Gum recession has two main causes: infection and trauma. One of the most common causes of gum recession is gum disease, or periodontal disease. The bacteria responsible for gum disease releases corrosive, acidic waste that causes gums to bleed and become sore and inflamed. In advanced stages of gum disease, gums slowly detach from teeth and cause loose teeth, and in extreme cases, missing teeth.
In addition, smokers or those patients who use tobacco products may also experience gum recession due to their increased chances of developing periodontitis, or advanced periodontal disease. Smoking hardens the gums and restricts blood flow which can make gums less capable of fending off oral bacteria invasion.
Believe it or not, trauma to the gumline is most often caused by a toothbrush. That’s right, vigorous toothbrushers are actually more likely than those who don’t brush their teeth at all to develop receding gums later in life. This does not mean that you should forego brushing your teeth however. That would put you at a much higher risk for gum disease and cavities, and therefore tooth loss and gum recession. What this does mean is that you should be sure to practice careful toothbrushing habits.
If you want to keep your teeth clean by brushing, but also protect your gums, then follow these pointers:
- Use a soft–bristled toothbrush. Some people claim their teeth just don’t feel clean unless they use medium or hard bristles. Trust your Lake Forest dental office when we say that soft bristles do the job just as well, and have the added benefit of protecting your gums.
- Brush in circles, not up or down or side to side.
- Brush teeth for at least two minutes twice a day. Don’t forget to floss once a day, too. (By skipping a daily floss, you’re missing up to 40 percent of your teeth’s surfaces!)
- Don’t press down hard when you brush. If the bristles of your toothbrush are flattened against your teeth and gums, and your toothbrushes develop a dent in them after a month of use, then you’re pushing down too hard.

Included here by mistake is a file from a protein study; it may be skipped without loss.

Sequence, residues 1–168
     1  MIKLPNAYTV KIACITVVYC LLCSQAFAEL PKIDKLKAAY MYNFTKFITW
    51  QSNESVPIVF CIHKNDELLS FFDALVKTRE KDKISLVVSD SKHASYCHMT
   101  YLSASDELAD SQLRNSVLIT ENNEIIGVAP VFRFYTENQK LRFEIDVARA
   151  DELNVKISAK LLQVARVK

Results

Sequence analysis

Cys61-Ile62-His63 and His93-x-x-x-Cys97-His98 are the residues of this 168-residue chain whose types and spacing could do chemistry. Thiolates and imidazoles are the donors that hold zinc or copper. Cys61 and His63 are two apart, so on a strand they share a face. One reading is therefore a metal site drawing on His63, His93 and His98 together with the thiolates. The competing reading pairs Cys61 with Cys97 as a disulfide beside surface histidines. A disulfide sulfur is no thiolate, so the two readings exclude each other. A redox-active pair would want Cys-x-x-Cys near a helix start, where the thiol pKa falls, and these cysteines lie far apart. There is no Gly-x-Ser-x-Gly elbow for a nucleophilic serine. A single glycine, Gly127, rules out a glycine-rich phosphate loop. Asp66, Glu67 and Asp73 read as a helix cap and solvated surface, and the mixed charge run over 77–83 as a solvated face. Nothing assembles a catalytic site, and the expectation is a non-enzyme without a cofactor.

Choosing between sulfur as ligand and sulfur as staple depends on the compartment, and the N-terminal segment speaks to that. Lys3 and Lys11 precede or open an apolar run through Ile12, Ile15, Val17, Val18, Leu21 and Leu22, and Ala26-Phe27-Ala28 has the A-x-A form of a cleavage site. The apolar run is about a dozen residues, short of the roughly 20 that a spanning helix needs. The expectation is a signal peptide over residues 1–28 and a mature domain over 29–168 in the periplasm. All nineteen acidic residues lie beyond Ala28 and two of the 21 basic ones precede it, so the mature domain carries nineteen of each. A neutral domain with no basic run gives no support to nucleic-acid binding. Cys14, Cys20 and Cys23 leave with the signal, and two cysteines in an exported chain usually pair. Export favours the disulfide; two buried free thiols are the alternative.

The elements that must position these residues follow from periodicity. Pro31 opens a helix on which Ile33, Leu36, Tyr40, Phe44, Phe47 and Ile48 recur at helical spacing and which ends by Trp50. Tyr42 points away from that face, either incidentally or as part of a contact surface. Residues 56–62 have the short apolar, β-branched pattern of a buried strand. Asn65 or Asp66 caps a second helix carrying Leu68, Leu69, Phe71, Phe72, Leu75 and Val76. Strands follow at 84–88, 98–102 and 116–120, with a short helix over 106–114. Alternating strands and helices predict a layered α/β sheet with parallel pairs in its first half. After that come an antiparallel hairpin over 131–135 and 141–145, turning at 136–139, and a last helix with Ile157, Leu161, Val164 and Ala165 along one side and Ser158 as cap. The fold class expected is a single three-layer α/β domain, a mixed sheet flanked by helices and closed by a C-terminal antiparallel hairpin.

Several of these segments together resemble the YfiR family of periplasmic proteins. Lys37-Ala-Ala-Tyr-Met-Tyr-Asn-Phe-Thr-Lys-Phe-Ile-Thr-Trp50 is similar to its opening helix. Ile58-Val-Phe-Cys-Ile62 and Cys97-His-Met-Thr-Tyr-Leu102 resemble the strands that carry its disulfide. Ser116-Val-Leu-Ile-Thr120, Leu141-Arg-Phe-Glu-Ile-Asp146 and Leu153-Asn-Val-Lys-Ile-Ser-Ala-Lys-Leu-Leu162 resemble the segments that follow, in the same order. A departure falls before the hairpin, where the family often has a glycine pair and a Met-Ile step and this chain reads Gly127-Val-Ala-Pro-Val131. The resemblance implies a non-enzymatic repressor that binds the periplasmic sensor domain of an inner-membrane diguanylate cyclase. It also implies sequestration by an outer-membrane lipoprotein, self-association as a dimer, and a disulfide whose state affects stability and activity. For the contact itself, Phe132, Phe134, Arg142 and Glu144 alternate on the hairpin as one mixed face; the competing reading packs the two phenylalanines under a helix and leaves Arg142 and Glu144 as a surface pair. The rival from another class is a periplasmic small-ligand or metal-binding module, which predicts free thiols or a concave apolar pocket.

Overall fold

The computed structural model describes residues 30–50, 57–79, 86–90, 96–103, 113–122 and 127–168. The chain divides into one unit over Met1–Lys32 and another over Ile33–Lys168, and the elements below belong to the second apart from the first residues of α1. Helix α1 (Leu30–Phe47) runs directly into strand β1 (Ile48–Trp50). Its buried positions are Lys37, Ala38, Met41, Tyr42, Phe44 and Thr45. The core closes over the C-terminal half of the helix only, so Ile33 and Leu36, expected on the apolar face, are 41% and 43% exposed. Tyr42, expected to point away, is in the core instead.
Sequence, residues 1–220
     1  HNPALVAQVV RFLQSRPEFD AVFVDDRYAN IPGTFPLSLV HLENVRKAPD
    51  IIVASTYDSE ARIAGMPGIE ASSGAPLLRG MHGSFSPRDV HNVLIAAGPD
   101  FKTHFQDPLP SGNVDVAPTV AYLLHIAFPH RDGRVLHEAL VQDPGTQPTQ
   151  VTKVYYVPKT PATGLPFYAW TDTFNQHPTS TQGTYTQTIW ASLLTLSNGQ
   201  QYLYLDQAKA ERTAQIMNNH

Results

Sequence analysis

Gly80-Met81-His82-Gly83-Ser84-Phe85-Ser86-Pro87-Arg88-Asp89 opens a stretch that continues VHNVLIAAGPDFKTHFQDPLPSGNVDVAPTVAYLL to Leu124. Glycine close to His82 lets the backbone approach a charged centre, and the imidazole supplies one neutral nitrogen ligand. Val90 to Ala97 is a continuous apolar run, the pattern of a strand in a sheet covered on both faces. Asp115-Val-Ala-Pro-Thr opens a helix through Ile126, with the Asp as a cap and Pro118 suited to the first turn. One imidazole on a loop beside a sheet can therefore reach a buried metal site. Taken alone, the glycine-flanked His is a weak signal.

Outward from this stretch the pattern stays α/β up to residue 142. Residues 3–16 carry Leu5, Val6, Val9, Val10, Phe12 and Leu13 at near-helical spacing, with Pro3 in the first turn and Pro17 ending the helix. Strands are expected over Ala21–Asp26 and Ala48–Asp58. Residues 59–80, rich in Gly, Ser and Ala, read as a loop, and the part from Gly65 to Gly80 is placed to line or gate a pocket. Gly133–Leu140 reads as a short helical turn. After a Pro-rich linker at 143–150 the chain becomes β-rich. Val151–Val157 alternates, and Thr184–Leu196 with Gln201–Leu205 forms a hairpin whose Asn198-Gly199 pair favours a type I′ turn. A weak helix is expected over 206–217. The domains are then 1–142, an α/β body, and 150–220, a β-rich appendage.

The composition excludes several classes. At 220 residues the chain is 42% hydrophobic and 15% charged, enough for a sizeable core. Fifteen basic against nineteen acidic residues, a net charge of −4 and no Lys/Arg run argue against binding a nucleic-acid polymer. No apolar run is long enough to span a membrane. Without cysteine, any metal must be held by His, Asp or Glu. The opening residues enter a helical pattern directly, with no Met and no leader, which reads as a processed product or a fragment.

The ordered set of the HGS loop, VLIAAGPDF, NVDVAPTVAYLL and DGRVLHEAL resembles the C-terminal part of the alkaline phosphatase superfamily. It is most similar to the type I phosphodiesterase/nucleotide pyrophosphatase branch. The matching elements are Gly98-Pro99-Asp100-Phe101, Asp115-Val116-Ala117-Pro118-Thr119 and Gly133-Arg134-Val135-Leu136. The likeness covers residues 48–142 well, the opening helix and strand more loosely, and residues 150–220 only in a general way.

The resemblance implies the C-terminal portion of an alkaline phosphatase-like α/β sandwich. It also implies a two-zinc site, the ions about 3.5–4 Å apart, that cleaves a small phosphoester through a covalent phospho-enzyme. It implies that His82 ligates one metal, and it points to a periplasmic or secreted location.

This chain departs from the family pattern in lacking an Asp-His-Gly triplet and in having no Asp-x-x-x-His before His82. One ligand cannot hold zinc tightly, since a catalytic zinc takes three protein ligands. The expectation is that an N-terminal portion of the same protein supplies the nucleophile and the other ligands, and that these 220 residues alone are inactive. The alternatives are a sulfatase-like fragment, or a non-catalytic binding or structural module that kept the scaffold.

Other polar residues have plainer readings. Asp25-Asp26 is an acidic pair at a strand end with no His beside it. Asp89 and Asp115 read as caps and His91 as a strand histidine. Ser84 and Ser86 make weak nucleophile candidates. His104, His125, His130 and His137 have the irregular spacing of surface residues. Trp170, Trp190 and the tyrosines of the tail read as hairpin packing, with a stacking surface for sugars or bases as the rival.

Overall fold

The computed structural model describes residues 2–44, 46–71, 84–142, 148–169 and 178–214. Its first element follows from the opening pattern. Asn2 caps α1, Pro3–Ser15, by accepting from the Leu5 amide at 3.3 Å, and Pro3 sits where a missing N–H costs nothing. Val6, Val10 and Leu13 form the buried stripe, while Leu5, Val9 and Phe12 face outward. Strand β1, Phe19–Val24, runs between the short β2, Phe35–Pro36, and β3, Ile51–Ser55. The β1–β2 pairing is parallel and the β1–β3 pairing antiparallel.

Another cause of trauma which can lead to gum recession include ill-fitting oral appliances. If you have partial dentures, full dentures, or a dental bridge that is not fitting correctly, the appliance could create friction between it and gum tissue with every bite. Over time, this friction compounds to actually wear away healthy gum tissue and cause receding gum lines. This is why it’s imperative to seek out early treatment if your dental appliance starts feeling uncomfortable or different. Early intervention can mean gum recession prevention!
Visit Your Lake Forest Dentist
Receding gums can be painful if tooth roots remain exposed. Additionally, a shrinking gum line can cause a toothy smile and change the look of your natural smile. If you are experiencing receding gums, don’t put off treatment; early action can reverse the effects of gum recession! Call our Chicago dental office today to schedule an appointment. Call (847)234-0517 today and we’ll help you deal with your receding gums. We gladly serve all patients from the Chicago, Illinois area as well as across the United States.